Garnering five ALA Best Book for Young Adult honors with her first five novels, Sara Dessen delivers the bittersweet story of a dissatisfied model and the offbeat guy who teaches her that only truth can set her free. As her beautiful, self-assured image flashes across the TV screen, Annabel Greene is the ideal 17-year-old girl. But the glitter of her commercials is a far cry from Annabel is a social outcast. Can music-obsessed Owen with his commitment to truth convince Annabel to reveal a dark secret and bravely confront reality?More
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Just TRY to Listen and maybe that will help.
The story has a good premise, and until now, an awesome reader. But the story is S L O W.... And please be aware that it is written for very "YA." Very clean without hard language. But the characters are very immature, simply "textbook" high school adolescents, more moody and dissatified than how I remember that time of life. (SMALL SPOILER>>>) The author finally gets around to her tense subject of sexuality, after 12 or 15 chapters with a rape scene. Not to make light of that in any way whatsoever, I just found it an awkward and forced part of the book. The characters, especially the main Annabelle and her "BFF" Sophie, were unlikeable and shallow. Annabelle cannot stand up to her mom to tell her she hates modeling, and cannot confront one of her two sisters (don't want to give it away) about that sister's potential life threatening mental disease: anorexia. To continue her spiral, she loses her real best friend and just keeps faking it through day by day. Until Owen. Thank god for Owen. He managed to save the story from a final pressing of the STOP/FINISH button with his interesting and sometimes humorous realistic character. But Ms Ikeda butchered his voice unfortunately. A radio host just cannot be that juvenile and nasally and keep his job.If Dessen could have drawn the reader into Annabelle, especially since it is written in first person, perhaps the story would have been more poignant and enjoyable.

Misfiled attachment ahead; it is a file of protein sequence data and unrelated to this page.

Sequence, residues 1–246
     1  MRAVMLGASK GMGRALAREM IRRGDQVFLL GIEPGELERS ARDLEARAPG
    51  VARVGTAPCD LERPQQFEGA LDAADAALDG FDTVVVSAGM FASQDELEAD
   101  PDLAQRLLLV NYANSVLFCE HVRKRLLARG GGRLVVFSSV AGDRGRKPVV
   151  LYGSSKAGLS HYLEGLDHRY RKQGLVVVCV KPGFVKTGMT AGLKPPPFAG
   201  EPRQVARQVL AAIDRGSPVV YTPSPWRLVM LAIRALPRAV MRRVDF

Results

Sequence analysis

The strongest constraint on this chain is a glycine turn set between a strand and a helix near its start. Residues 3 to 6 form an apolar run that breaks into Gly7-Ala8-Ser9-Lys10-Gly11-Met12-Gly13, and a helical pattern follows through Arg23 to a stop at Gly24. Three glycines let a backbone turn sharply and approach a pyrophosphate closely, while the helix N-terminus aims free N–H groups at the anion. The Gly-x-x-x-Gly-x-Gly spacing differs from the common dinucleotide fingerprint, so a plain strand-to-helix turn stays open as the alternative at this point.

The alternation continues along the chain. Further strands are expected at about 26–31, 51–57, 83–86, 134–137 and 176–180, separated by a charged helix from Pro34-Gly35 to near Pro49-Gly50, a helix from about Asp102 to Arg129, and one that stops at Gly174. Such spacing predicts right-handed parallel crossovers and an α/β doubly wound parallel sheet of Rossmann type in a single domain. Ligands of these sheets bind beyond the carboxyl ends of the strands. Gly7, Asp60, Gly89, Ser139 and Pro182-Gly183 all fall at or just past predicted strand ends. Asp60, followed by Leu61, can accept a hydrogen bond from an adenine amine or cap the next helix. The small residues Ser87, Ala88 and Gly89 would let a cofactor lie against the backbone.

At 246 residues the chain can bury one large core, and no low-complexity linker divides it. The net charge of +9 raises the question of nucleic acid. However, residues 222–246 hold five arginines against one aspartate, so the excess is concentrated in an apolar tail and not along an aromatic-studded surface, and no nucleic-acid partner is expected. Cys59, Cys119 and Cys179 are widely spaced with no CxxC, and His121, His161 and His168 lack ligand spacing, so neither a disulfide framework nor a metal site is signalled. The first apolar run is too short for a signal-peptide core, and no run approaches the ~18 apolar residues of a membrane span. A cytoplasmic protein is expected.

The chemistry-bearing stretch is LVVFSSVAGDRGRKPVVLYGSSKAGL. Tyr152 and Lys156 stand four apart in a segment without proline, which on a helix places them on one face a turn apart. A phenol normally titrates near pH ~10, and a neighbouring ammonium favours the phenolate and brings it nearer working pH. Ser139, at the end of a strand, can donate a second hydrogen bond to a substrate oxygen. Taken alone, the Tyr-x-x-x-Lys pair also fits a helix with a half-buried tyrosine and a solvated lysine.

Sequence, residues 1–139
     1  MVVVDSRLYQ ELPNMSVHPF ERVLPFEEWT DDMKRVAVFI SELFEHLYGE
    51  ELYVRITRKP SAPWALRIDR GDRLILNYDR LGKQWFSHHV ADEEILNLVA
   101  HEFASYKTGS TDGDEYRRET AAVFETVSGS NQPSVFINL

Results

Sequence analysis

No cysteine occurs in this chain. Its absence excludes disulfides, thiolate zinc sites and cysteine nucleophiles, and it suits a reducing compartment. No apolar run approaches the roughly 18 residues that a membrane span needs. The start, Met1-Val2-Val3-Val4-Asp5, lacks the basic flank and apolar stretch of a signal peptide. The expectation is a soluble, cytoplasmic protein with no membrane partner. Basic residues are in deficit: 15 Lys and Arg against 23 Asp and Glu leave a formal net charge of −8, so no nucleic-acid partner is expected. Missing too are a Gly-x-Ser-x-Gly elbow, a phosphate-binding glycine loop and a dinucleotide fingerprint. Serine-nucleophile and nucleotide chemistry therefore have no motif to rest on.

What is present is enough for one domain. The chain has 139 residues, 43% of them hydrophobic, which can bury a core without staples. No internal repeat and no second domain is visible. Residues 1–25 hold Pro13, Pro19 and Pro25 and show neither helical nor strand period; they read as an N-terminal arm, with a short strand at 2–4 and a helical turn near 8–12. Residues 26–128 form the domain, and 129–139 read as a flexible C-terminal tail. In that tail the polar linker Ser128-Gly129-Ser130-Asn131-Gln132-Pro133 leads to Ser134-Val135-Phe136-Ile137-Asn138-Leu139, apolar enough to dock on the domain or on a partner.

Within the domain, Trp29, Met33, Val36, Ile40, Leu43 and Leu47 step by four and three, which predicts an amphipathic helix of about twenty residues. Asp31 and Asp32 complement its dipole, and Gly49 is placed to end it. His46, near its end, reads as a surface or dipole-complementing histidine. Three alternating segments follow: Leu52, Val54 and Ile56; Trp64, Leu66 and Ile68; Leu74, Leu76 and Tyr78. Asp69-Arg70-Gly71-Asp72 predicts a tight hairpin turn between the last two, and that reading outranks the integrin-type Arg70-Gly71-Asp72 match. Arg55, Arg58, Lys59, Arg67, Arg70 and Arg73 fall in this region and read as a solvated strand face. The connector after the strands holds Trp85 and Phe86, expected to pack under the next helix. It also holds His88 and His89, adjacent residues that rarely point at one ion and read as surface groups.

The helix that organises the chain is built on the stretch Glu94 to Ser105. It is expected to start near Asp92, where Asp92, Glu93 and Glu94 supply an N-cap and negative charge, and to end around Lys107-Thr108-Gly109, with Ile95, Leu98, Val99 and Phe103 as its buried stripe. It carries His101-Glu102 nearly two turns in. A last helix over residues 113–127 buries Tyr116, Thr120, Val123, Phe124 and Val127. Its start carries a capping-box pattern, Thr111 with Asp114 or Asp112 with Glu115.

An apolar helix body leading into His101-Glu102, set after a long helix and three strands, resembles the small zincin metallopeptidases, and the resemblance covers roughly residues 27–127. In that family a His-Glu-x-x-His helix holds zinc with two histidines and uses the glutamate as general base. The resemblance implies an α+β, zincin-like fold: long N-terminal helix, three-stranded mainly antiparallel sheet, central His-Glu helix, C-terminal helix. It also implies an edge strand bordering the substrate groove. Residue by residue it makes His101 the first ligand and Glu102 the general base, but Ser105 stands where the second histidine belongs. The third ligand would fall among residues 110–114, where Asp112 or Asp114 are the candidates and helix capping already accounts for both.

I didn't expect a deep novel or enthralling story, or a complex plot. The story is just a downer, following a tedious storyline with so many coming of age angsts that I could not relate to. It felt long and drawn out, touching on so many problems with all of the various characters, that the listener is fatigued and ready for it to end.
I believe this was an early performance. I checked the date and this appears to be a very early book for her (2006 or 08), so I gave her 3 stars instead of two. Almost every other book performed by Ikeda are highly deserving of 5 starts. The only reason I bought Just Listen was due to the reader, Jennifer Ikeda. Ms. Ikeda is phenomenal in most of her other books, Discovery of Witches trilogy for example. In this story, however, her male characters were flat, childish and nasally. She differentiates between many of the female characters fairly well, but not her best accomplisment.
The book could have been written without the third sister. She plays mainly meaningless parts and only adds slightly to the development of the interpersonal effects of anorexia on the family. The scenes about Owen's music taste are far too long and drawn out. Other areas are verbose and could be condensed or eliminated.
Please do not avoid Jennifer Ikeda's other performances, as she has grown immensely since this book and is one of the top 2 or 3 readers in the Audible library.